Side projects are projects you do alone or with a small team that is different from the scope of your job. These can be great for two reasons: First, they allow you to be creative and dive into something that you are personally interested in. Second, they make a great addition to your portfolio.
Side projects are one of the most important ingredients for career success. In this tutorial, we teach you everything you need to know about side projects, if and how they should be used in your job search, how to create a side project portfolio, and much more.
It's equally important to have a strong portfolio as it is to land a job at a place where you can work on projects that inspire you. Having examples of past side projects and passion projects in your portfolio gives you an edge over the competition both when applying for new jobs and when applying for promotions.
Here are some side project ideas:
- To-do app
- Weather app
- Messaging app
Side projects are a great way to build up your portfolio and sharpen your skills. They also allow you to test out new approaches, languages, libraries, and frameworks. And the best part is they can help introduce you to other developers who share the same interests outside of work.
How to name side projects?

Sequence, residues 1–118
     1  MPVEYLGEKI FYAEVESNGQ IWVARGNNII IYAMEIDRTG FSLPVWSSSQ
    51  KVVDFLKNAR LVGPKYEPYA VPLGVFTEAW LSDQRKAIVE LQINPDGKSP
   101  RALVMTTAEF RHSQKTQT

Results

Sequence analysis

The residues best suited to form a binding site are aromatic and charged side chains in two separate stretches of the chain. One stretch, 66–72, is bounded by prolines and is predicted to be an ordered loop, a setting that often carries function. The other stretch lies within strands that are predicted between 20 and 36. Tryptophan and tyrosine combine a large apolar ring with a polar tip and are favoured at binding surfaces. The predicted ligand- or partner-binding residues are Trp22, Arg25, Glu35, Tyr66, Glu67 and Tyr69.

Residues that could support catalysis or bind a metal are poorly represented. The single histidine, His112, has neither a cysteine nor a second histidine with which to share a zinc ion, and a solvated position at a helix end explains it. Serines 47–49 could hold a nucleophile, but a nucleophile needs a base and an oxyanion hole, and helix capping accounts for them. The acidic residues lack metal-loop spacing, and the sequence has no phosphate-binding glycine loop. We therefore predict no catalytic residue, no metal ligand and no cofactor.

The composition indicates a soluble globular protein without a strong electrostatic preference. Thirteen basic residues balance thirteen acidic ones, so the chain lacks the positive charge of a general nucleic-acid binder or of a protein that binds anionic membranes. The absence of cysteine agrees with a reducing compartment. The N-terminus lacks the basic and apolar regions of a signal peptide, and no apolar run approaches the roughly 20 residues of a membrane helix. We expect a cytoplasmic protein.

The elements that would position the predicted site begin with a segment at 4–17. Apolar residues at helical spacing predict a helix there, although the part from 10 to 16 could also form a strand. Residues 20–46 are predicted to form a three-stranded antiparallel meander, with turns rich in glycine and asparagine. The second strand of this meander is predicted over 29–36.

You've had an idea for an app, website, or program, but you don't know what the name should be. You could always pick something totally random, but why not use an old-fashioned name generator? This site can help you decide what to call your next great creation. Pick a name with a dropdown list, or click the "Generate" button for some truly random inspiration.
What is the goal of a side project?
As you plan your side project, think about the goals you have for it. What problems is it trying to solve? Why is it going to be impactful? What makes it interesting or different? You should have a clear sense of direction and purpose when starting a project, whether or not you end up meeting that goal or being successful in the end. Don’t be afraid to start over if you realize your approach isn’t working.
Whether you’ve been coding for years or months, or are brand new to programming, you need a portfolio of work to show employers. You may ask yourself “What if I don’t have any real-world experience? Won’t this be hard? Can I even make projects without some big idea or years of practice?” The answer is yes. It’s not only possible; it’s essential to your development as a developer.
With commitment and consistency, you can build a portfolio that compiles your work and showcases your passions. Your best work will come when you are passionate about what you are creating and working on a project that solves real problems.
Side projects are a great way to show the world what you can do. They make your portfolio more dynamic, push your skills to the limits, and often lead to exciting opportunities! Whether you're looking for inspiration or just want to see other people's work, here are some of our favorite side projects.
Check out these sites for some inspiration: